Open Source Textbooks
Presenters: Steve Gilbert, TLT Group and Others
Open Textbook Faculty Development
Purpose and Overview
Education is expensive. If we can reduce textbook costs, students may be able to take more classes, complete their programs more quickly, and be more successful. Once faculty have participated in an introductory webinar, they may review an open textbook that is located in the Open Textbook Library (open.umn.edu). Working with the Open Textbook Network and Library, faculty will receive a $200.00 honorarium once the review is completed.
|September 7, 2017
||Round 4: Deadline to register for open textbook webinar
|September 12, 2017, 1:00pm-2:30pm
||Round 4: Open textbook webinar
|September 12 – October 17, 2017
||Round 4: Faculty complete reviews
For more information: http://asa.mnscu.edu/educationalinnovations/open/facultyreviews.html or contact Karen Pikula, the Minnesota State OER Coordinator, at firstname.lastname@example.org
more on open textbook in this IMS blog
A Librarian’s Guide to OER in the Maker Space
OER are teaching, learning, and research resources that reside in the public domain or have been released under an intellectual property license that permits sharing, accessing, repurposing—including for commercial purposes—and collaborating with others. They include educational materials, such as lesson plans, games, textbooks, tests, audio, and video. In addition to being free, these no-cost teaching and learning materials are available online for anyone to use, modify or share with others.This use, reuse, and remixing of instructional materials is a powerful way to gain and share knowledge. Because OER are customizable and flexible, they can be used very effectively to support students to achieve their learning goals.
OER Commons is a digital library where educators can find resources to develop, support and amplify their maker space practices. The site is searchable by subject, grade level or standard. Users can also filter results to include topics, such as activities and labs, games, videos, lesson plans, and interactive tools.
Related blog entry:
Connexions: A place for teachers, students, and professionals to search and contribute scholarly content, organized into “modules” or topic areas instead of entire textbooks.
CK12 FlexBooks: A nonprofit that aims to reduce the cost of textbook materials by encouraging the development of what they call the “FlexBook.” Anyone can view or help create these standards-based, customizable, collaborative texts.
Shmoop: An up-and-coming collection of freely shared, expert-written content (most Shmoop authors are Ph.D.s and high school or college-level educators) with the goal of inspiring students and providing tons of free resources to teachers that include writing guides, analyses, and discussions.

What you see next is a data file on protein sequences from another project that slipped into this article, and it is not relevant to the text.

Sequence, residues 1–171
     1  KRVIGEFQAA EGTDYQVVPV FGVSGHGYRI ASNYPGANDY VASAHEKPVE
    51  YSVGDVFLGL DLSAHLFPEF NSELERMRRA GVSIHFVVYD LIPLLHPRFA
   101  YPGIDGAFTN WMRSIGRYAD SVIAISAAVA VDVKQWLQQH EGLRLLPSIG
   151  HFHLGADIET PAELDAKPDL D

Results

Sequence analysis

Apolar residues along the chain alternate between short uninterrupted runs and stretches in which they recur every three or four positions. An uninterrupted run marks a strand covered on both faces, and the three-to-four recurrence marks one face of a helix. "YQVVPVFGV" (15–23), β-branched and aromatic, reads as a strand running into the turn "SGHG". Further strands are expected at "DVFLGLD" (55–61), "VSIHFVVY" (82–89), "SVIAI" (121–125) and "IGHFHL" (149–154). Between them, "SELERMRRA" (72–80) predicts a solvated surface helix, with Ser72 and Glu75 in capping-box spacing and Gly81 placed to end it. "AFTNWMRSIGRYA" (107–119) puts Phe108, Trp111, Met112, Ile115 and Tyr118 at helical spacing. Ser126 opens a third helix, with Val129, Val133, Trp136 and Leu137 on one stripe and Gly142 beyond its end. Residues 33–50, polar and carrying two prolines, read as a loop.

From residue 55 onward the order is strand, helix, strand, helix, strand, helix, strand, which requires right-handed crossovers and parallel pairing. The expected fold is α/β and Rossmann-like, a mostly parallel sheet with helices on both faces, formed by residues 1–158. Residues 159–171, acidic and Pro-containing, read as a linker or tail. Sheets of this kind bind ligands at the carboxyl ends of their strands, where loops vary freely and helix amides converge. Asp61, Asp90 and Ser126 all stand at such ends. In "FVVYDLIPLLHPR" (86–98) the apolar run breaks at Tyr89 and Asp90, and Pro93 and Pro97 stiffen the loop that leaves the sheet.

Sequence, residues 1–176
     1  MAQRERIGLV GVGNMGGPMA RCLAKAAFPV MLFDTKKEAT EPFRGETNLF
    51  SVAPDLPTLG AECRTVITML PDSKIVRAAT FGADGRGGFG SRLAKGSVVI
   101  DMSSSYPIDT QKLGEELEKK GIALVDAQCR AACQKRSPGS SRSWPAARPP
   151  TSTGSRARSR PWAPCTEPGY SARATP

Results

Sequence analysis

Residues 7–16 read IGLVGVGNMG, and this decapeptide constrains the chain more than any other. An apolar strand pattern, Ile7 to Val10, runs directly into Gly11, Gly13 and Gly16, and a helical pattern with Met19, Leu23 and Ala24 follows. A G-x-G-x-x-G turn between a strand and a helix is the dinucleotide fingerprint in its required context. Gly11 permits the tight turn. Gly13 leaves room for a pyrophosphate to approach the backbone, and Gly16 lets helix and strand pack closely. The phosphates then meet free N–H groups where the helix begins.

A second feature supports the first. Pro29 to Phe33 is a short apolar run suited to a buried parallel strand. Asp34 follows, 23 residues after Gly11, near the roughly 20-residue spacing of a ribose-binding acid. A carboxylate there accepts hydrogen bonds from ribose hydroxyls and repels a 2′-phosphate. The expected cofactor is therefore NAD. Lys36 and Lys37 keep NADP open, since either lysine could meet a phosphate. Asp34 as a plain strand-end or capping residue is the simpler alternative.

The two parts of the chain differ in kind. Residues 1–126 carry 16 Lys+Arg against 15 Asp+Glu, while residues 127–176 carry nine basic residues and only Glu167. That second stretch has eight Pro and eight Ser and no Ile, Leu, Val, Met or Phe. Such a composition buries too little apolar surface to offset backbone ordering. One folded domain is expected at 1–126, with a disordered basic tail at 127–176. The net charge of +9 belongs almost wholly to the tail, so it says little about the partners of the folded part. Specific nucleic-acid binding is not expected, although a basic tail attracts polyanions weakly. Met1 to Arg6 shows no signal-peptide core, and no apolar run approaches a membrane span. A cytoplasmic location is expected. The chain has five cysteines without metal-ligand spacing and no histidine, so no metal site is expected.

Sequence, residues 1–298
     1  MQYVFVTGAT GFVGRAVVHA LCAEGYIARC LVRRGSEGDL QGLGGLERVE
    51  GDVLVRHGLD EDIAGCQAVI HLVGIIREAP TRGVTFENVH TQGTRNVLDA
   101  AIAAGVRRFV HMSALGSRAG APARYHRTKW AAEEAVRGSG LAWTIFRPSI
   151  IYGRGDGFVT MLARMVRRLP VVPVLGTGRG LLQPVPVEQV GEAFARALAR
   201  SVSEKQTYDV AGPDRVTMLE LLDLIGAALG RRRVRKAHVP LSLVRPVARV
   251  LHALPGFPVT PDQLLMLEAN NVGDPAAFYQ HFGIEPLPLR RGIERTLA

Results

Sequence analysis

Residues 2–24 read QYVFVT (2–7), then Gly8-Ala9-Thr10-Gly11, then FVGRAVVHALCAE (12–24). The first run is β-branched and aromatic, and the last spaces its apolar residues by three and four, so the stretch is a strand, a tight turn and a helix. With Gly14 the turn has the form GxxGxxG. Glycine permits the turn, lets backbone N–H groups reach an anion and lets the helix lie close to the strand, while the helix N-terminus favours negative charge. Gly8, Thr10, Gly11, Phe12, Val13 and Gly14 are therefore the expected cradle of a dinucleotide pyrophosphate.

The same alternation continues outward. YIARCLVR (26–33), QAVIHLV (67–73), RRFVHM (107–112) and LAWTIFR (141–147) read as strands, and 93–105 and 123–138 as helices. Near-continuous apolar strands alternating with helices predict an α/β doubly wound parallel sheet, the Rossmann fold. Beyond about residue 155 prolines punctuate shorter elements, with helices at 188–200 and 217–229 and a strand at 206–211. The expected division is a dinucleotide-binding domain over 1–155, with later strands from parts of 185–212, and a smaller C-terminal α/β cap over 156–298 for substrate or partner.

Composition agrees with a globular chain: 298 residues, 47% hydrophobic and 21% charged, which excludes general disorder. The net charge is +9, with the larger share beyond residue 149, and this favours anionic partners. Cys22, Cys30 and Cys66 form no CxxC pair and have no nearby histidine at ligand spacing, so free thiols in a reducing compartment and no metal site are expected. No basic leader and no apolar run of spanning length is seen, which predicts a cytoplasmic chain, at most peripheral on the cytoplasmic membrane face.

MIT Open CourseWare: The Massachusetts Institute of Technology publishes nearly all of its course content on this site, from videos to lecture notes to exams, all free of charge and open to the public. Many other universities are doing the same, often using the content management system EduCommons.
Islandora for OER Discussion
Waite Park, St. Cloud, March 30, 2018
Alex is a former archivist from the MN Historical society
statistics, custom interface, preservation tools, automatic processes, multiple formats, metadata – core features
My Q/s to Alex/Tim:
- at the August OER meeting: http://blog.stcloudstate.edu/ims/2017/08/28/oer-workday-librarians/ there were more contenders to house OER. E.g., the Minnesota Library Publishing Project is based on Edublog, thus more familiar platform
What makes Islandora a better choice?
Additional question related: why not use already existing solutions, as used across the world. Alex response: open source. Tim: content available across institutions. text banks and other data can be grouped by disciplines. Follow up q/n: MLNC, OER Commons. Solution already exists and why don’t we use existing accumulated work. Answer by Karen: pulling many resources, promoting collaboration btw 2 and 4 year institutions. Bigger then just having a repository, collaborative effort on different levels
- Access to a “sandbox” to test Islandora: who to contact when and how.
Alex response to “estimated date for faculty upload” – August 2018 approximately
- Transferability/ compatible: how east it is to migrate Islandora content to a different platform (e.g. the Minnesota Library Publishing Project) shall other platform is chosen as MN OER platform?
- How will this structure ensure that the OER initiative (Islandora in particular) is not “owned” by one branch on campus (e.g. librarians) but it is a mutual effort by faculty and staff (e.g. ATT) in terms of access, e.g. access to different admin levels in Islandora?
From the Adobe COnnect online attendees:
Barbara Sandarin: Regarding “Admin. Rights,” does this restrict who may upload items?
Maintenance: weeding out old materials
the history of Islandora: who when developed. 2009, U of Rhode Island
Stephen Kelly: how does Inslandora integrate video. microsite solutions
structure of repository:
Islandora only stores, but the actual creation is outside of Islandora adoption scope
how do the individual teams are built, communicate with